A leading executive of the US drugs giant behind a medicine being touted as a successful treatment for COVID-19 has urged caution over its efficacy.
During the last 24 hours Wall Street has been thrilled by a report that Gilead Sciences, the California-based US drug-maker, has come up with a successful treatment for coronavirus.
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Shares of the company, best-known for its treatments for HIV and hepatitis B, shot up by 16% at one point following a report that patients with COVID-19 who were treated with the drug, remdesivir, staged a rapid recovery.
The medical news website Stat reported that patients at a University of Chicago hospital had received treatment using remdesivir.
It said that 125 patients with COVID-19, including 113 with a severe form of the virus, took part in two 'phase 3' clinical trials.
Phase 3 trials take place towards the later stages of a drug's development and is the last hurdle a product must get over before its maker approaches a regulator for approval.
The website reported that, although two died, most of the patients treated with remdesivir quickly staged a recovery and were discharged.
But Hilary Hutton-Squire, general manager and vice president of Gilead Sciences in the UK and Ireland, told Sky News there was still a long way to go.
She said: "We're in the middle of an unprecedented global crisis and it's clear that people would want to hear positive news, but we also have to be very balanced in our approach.
"What we've seen is a hospital talk about their experience… we really need to look at the results of that trial, and indeed other trials that are ongoing at the moment, in totality before we can really reach conclusions about the efficacy and safety of remdesivir.
"So our focus is to keep going with these very large clinical studies and find some answers for people as soon as we can."
She said around six large clinical studies were taking place globally involving thousands of patients, including more than 100 enrolled in the UK, with results expected towards the back end of April and the beginning of May.
She added: "In the meantime, we're doing everything we can to ensure that if the results that come out are positive then we're ready to get this drug to these patients globally as fast as we can and to make an impact in this pandemic."
Some healthcare and science professionals have urged scepticism concerning the trials because so few patients have, to date, been tested and because the trial results have not been subjected to peer review.
It has also been pointed out that, in the Chicago trials, there was no placebo involved against which the efficacy of remdesivir could be measured.
In addition it was a so-called 'open label' trial in which patients knew they were receiving the treatment and there has also been caution around the fact that none of the patients in the Chicago trial were on ventilators.
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Acknowledging this, Ms Hutton-Squire said the UK trials would include patients with different "levels of severity", including some patients on ventilators and some who had only just been hospitalised.
She went on: "We have to be careful [in our interpretation]…it's going to be one of those things where we have a lot of pieces to the puzzle and we have to fit those together in coming weeks to really understand what we have here and what we need to do with that to help patients."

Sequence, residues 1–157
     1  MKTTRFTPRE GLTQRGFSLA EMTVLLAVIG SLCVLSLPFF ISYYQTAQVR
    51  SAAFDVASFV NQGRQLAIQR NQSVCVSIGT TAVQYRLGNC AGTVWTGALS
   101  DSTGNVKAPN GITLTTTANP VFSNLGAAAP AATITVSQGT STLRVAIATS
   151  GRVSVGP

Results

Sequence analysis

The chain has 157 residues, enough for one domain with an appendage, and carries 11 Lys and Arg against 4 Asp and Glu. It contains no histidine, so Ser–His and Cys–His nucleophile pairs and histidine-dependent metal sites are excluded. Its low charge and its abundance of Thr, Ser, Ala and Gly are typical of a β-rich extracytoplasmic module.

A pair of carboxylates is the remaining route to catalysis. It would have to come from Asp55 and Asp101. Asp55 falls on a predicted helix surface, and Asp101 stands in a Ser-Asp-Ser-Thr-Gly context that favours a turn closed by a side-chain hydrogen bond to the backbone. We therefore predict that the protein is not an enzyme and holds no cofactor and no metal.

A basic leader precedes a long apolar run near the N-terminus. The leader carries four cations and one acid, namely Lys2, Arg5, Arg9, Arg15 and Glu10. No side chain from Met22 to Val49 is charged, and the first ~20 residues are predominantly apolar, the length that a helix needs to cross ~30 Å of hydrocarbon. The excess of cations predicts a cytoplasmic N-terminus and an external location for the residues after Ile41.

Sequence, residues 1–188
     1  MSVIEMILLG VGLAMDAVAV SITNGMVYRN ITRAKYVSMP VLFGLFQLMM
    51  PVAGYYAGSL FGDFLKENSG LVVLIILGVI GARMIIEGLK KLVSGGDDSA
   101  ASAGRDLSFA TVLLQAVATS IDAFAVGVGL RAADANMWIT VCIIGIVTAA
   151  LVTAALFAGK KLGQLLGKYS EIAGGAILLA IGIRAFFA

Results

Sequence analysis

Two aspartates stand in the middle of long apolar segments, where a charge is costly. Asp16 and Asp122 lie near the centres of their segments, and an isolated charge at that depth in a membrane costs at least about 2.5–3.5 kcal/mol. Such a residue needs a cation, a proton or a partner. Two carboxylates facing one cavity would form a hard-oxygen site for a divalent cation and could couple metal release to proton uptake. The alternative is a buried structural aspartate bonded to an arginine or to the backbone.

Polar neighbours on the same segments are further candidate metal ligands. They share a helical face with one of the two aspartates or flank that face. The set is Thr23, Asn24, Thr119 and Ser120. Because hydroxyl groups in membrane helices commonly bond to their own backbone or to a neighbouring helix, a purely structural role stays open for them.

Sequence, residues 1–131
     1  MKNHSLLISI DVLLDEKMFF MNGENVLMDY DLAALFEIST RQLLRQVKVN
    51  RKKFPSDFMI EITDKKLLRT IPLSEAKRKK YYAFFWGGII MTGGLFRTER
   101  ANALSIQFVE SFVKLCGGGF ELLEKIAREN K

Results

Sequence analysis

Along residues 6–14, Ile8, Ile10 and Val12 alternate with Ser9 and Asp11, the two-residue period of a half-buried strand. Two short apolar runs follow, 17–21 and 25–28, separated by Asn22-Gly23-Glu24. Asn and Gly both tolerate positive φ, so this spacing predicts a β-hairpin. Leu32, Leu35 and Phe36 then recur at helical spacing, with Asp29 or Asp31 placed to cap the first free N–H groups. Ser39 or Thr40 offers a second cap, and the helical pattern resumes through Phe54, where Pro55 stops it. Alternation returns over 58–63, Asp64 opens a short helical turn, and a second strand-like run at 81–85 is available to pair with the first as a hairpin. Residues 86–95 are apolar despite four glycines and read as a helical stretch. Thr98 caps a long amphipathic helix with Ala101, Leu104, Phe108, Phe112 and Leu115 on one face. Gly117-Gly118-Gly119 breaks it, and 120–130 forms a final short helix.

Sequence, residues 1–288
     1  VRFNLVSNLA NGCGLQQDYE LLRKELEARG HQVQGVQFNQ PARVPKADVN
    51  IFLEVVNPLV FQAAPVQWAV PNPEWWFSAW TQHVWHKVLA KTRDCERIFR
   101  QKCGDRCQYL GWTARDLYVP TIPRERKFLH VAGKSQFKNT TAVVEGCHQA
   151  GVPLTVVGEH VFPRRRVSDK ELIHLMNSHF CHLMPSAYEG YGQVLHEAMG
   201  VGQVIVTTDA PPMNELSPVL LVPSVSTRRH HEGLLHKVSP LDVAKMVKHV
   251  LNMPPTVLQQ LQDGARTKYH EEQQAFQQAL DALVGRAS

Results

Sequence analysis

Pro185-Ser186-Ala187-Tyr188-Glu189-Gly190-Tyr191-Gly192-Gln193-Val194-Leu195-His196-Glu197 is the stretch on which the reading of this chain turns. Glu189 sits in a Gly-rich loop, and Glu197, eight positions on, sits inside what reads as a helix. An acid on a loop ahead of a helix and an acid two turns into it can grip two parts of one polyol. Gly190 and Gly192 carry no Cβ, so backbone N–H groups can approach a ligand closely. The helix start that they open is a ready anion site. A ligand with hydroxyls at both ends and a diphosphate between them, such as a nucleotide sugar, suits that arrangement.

Ms Hutton-Squire, who has previously been involved in making treatments for hepatitis available through the NHS, said remdesivir had originally been devised to tackle coronavirus.
It was then repurposed to treat the Ebola virus, as it as it ravaged west Africa between 2013 and 2016, before "coming full circle".
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Ahead of this particular outbreak, she said, the drug was being looked at as a treatment for a whole range of diseases including coronaviruses.
"That's why when we heard about this particular virus back in January, we thought it was really important to get going as fast as we could to understand what the role of remdesivir could be for COVID-19."
She said Gilead was currently investing very heavily in manufacturing.
Ms Hutton-Squire added: "This is a drug that would typically take up to a year to manufacture, end-to-end, we've been trying to get that process down to about six months and we are working with literally hundreds of organisations globally to help us in sourcing raw materials…in order to try to be ready to treat as many patients as possible, as quickly as possible, if the results coming through from the trials are positive."
But she insisted this gearing-up in manufacturing capability should not be taken as a sign that the trials would definitely come back with a positive result.
She said: "It's a sense of responsibility, to be honest.
"When we looked at this back in January, we knew that this was going to be one of the most promising drugs that we looked at, because it had previous promising data in SARS (severe acute respiratory syndrome) and MERS (Middle East Respiratory Syndrome).
"We had reason to…go as fast as we could and, because of the lead time, there would be no point in us doing a load of clinical research and then starting doing manufacturing further down the line.
"We have to do the thing in parallel, and to do it at risk, to have the potential impact that the drug could have if it works.
"So we had to work as fast as we can."
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She said she was talking closely to the UK government and praised the regulator, the Medicines and Healthcare products Regulatory Agency (MHRA), for its "pragmatism and speed of movement" in helping Gilead launch the studies now under way.
The company has promised to make 1.5 million phials of the finished product available to healthcare agencies around the world should the product launch successfully.